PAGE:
Let's recap the last couple weeks in The John and Elizabeth Edwards Show.
- Game Change blasts Elizabeth as a harridan so abusive of her husband and his campaign staff that most of them were rooting for her cancer cells.
- John Edwards (finally) admits paternity of his nearly 2-year old daughter, Quinn.
- The Edwards' confirm their legal separation after 32 years of marriage.
- Eeww....sex tape.
- A story that Edwards basically fleeced 99-year old socialite Bunny Mellon to the tune of $700,000 to finance his affair -- this on top of the nearly $3.5 million she gave his Alliance For A New America.
- The Politician, by former Edwards' "body man" and fall guy Andrew Young, details how Edwards made him cut the "Made In America" labels out of his suit and sew them into Edwards' Armanis. And then sucked Young and his family into hell by convincing him to pose as the father of Edwards' "love child." Among a couple hundred other slights and insults.
John Edwards has become the "most unpopular person we've polled anywhere at any time" according to the Public Policy Polling firm. Elizabeth Edwards has been called a Lady MacBeth and a American Medusa. People are comparing the saga to everything from Greek tragedy to Shakespeare to a particularly bad telenova.
But Shakespeare and Aristophanes and even Maria la del Barrio entertain and illuminate the human condition. The most depressing thing about L'Affaire Edwards is how utterly pointless it's all been.
The basic storyline is that John Edwards was irrevocably changed -- and not for the better -- by his political ambitions. Convinced he was presidential timber, drunk on the power of his own oratory and the applause of the crowds, he was a sitting duck for the "flaky"-yet-"predatory" Rielle Hunter.
When news that Elizabeth's cancer had returned in an incurable form in early 2007, Democrats wondered if it was safe to elect a man who might be devastated if his beloved wife died while he was in office. Turns out they need not have worried. Apparently his mental checklist was more like: First, call funeral home. Second, book Dave Matthews Band.
Remember when the scandal first broke in the summer of 2008? It spawned a kerfuffle among Democrats and progressives along the lines of: Oh my God... what if John Edwards had won the nomination? News of the affair would have leaked during the general campaign, and that mean old man and that horrible, horrible woman would have won the election!
It's understandable. The memory of the Clinton impeachment almost a decade ago still haunts Democrats. "John and Elizabeth Edwards' determination to play roulette with that history and those memories -- and, thus, with the futures of both the Democratic Party and of the country -- betrays an arrogance that is quite shocking, when you think about it," wrote Huffington Post blogger John Lumea.
Elizabeth was held even more culpable than her husband for her role in covering up the affair and letting the campaign continue. The only logical answer was that Elizabeth was a classic "enabler," feeding her husband's pathological need for political fame, and since, in the parlance of the self-help universe, "enablers" are always feeding their own needs by feeding the needs of their partners, Elizabeth must have been getting something out of it as well. Had Elizabeth been the mystical Any Other Woman, she would have thrown herself under her husband's campaign bus the minute she learned of the affair. But because she was that most unattractive thing -- an ambitious woman -- she let down her fans and her party and her country.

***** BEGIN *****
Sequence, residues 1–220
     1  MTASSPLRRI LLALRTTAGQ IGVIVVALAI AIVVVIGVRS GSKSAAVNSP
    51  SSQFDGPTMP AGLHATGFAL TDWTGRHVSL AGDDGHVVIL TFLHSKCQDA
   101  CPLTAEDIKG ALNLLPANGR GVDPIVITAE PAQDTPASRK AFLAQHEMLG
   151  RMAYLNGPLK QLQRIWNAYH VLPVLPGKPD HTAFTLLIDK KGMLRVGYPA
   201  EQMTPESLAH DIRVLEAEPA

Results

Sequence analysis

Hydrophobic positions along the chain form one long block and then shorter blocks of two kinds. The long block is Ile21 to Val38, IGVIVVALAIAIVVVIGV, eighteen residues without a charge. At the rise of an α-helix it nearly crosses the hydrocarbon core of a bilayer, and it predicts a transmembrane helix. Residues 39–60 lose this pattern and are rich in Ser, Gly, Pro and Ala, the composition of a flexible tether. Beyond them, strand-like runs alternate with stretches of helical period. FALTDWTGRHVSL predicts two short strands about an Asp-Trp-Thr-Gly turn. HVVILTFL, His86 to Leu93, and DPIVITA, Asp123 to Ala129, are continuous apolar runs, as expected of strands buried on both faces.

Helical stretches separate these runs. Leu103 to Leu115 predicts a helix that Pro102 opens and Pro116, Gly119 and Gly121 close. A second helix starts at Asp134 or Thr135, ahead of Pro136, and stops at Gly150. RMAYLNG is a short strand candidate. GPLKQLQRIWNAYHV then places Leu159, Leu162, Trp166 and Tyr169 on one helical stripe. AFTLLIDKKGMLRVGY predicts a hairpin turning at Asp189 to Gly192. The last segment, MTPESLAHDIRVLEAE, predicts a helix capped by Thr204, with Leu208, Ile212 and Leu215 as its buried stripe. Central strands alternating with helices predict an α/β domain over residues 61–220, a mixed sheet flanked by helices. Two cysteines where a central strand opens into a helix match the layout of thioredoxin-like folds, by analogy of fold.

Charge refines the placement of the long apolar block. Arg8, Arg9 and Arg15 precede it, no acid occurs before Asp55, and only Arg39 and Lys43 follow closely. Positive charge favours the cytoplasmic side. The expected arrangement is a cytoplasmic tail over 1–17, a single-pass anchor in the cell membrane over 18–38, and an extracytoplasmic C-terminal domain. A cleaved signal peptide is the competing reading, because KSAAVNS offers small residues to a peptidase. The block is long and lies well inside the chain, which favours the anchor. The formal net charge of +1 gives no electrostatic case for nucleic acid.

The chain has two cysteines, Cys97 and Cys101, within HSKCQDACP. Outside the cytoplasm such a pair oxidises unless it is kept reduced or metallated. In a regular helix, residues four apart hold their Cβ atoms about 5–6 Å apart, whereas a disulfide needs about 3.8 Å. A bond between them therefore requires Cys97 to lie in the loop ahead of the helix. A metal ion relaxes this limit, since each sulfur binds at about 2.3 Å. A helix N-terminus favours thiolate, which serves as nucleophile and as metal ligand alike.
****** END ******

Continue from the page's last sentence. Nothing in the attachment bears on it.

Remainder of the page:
But there was no roulette wheel to play in 2008.
John Edwards' dreams of presidential greatness ended somewhere between Barack Obama's keynote address to the Democratic Convention in 2004 and the day Hillary Clinton launched her exploratory committee in 2007. By the time the actual primaries began in January 2008, the only scenario which had him winning the Democratic nomination involved a freak mid-air collision of the Obama and Clinton campaign planes.
Even if he had been a truly gifted politician, it just wasn't the race the white Southern guy was going win...but he wasn't a truly gifted politician. He had his ardent supporters, but he never managed to capture the imagination of most Democrats, nor did he have a foothold in the Party's power base. His fundraising and organization was always anemic.
His best showing was in the Iowa caucus, where he placed second to Barack Obama; this despite spending nearly five years campaigning in Iowa. He suspended his campaign just 27 days after primary season began. The idea that some of his staffers had a "doomsday" plan to scuttle campaign should their boss is really kind of cute.
Were he a more introspective fellow, a more intuitive politician, he might have foreseen this when the rumblings of Clinton and Obama candidacies surfaced in 2006. Off the campaign trail, away from the ego-stroking of the campaign life, he might never have met Rielle Hunter in that New York City bar, and there would have been no campaign "webisodes" to film.
The sad thing is, had Edwards been content that he had come closer to the White House then most politicians ever dream and understood that there is usually no second bite at that particular political apple, he could have taken his raised profile and really done what he claimed to want to do: to advocate for the poor and the needy. Elizabeth might have been able to go through her final days with the dignity she deserved and the loving husband she had earned through three decades of devotion.
But he threw it all away.